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Australian health professionals' perspectives on discussing sexual activity and intimacy with people who have had a heart attack: a qualitative study.

BACKGROUND: Sexual activity and intimacy contribute to wellbeing throughout adult life, including after a heart attack. Providing support and information about sexual activity and intimacy after a heart attack is recognised as part of a comprehensive approach to cardiac rehabilitation. Previous research shows that patients expect health professionals to initiate discussions about sexual activity and intimacy, but that this seldom occurs.

METHODS: Drawing on qualitative survey responses from a range of Australian health professionals working in cardiac care and rehabilitation, this research examined their perspectives on discussing sexual activity and intimacy with their patients, and patients' partners. Using a social constructionist approach, thematic analysis was used to identify themes expressed by participants.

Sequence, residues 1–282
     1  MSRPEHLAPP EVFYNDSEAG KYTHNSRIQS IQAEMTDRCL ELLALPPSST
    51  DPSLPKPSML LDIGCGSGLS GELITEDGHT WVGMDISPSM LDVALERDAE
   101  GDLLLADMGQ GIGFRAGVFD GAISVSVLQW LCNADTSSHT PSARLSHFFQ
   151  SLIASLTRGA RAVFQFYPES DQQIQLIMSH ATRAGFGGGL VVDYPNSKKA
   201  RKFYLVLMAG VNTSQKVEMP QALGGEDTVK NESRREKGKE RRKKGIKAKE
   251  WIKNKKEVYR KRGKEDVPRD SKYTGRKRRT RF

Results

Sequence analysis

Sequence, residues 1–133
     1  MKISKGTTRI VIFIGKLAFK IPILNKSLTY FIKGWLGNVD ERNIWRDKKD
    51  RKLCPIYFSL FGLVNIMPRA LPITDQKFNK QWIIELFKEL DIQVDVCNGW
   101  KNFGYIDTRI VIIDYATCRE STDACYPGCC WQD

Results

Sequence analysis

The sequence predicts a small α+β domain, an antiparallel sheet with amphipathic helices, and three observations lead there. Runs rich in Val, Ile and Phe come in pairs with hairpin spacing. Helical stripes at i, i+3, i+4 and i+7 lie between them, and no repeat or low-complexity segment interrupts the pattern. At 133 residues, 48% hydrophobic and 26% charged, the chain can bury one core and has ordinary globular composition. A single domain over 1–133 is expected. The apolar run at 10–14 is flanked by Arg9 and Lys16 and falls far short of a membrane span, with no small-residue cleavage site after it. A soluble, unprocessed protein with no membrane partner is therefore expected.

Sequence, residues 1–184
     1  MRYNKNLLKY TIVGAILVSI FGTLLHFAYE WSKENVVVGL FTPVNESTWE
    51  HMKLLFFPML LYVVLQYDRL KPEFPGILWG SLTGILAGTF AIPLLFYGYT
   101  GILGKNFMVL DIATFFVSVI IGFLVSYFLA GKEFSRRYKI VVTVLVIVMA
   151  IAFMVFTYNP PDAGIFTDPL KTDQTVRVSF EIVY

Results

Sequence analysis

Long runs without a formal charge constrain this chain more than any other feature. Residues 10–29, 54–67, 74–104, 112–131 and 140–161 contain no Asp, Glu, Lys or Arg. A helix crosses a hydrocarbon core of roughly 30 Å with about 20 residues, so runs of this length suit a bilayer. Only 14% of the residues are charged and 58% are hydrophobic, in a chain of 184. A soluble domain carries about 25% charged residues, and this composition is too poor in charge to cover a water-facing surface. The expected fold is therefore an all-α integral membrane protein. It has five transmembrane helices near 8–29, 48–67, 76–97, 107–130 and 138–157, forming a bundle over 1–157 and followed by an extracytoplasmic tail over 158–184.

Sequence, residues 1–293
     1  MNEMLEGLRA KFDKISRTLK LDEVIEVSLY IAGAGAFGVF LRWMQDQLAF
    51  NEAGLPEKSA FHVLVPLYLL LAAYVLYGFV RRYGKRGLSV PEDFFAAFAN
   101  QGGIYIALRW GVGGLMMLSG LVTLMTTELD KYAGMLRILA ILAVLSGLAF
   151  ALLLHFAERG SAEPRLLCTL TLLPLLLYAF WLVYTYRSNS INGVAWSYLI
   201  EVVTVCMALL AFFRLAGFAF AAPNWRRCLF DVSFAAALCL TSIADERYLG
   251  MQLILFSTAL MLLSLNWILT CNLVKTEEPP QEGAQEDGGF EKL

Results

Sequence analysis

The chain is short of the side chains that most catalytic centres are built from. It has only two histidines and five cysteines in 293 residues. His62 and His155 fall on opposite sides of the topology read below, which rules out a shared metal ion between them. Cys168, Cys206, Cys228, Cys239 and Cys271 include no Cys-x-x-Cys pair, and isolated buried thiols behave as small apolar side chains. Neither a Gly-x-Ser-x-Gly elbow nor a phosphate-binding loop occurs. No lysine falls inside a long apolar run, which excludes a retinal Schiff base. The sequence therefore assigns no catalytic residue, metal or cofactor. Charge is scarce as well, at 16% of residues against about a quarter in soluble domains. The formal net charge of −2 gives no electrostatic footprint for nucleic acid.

RESULTS: Discussions about sexual activity and intimacy after heart attack were perceived as nebulous and taboo. The predominance of an illness - rather than wellness - framing of these discussions and a tendency for health professionals to make judgement calls contributed to discussions not occurring. Health professionals also identified a range of intrapersonal, interpersonal and structural obstacles to discussions, including embarrassment, fear of patients' embarrassment, a lack of role clarity, the absence of a clear protocol or training to guide practice, and a lack of time, privacy and patient resources.

CONCLUSIONS: Such discussions require normalisation, careful timing, sufficient time and adequate privacy. Staff training, a protocol and appropriate patient resources are needed to support health professionals to initiate discussions. Further research is required that investigates the impact of specific resources and training on health professionals' practice and patient outcomes.

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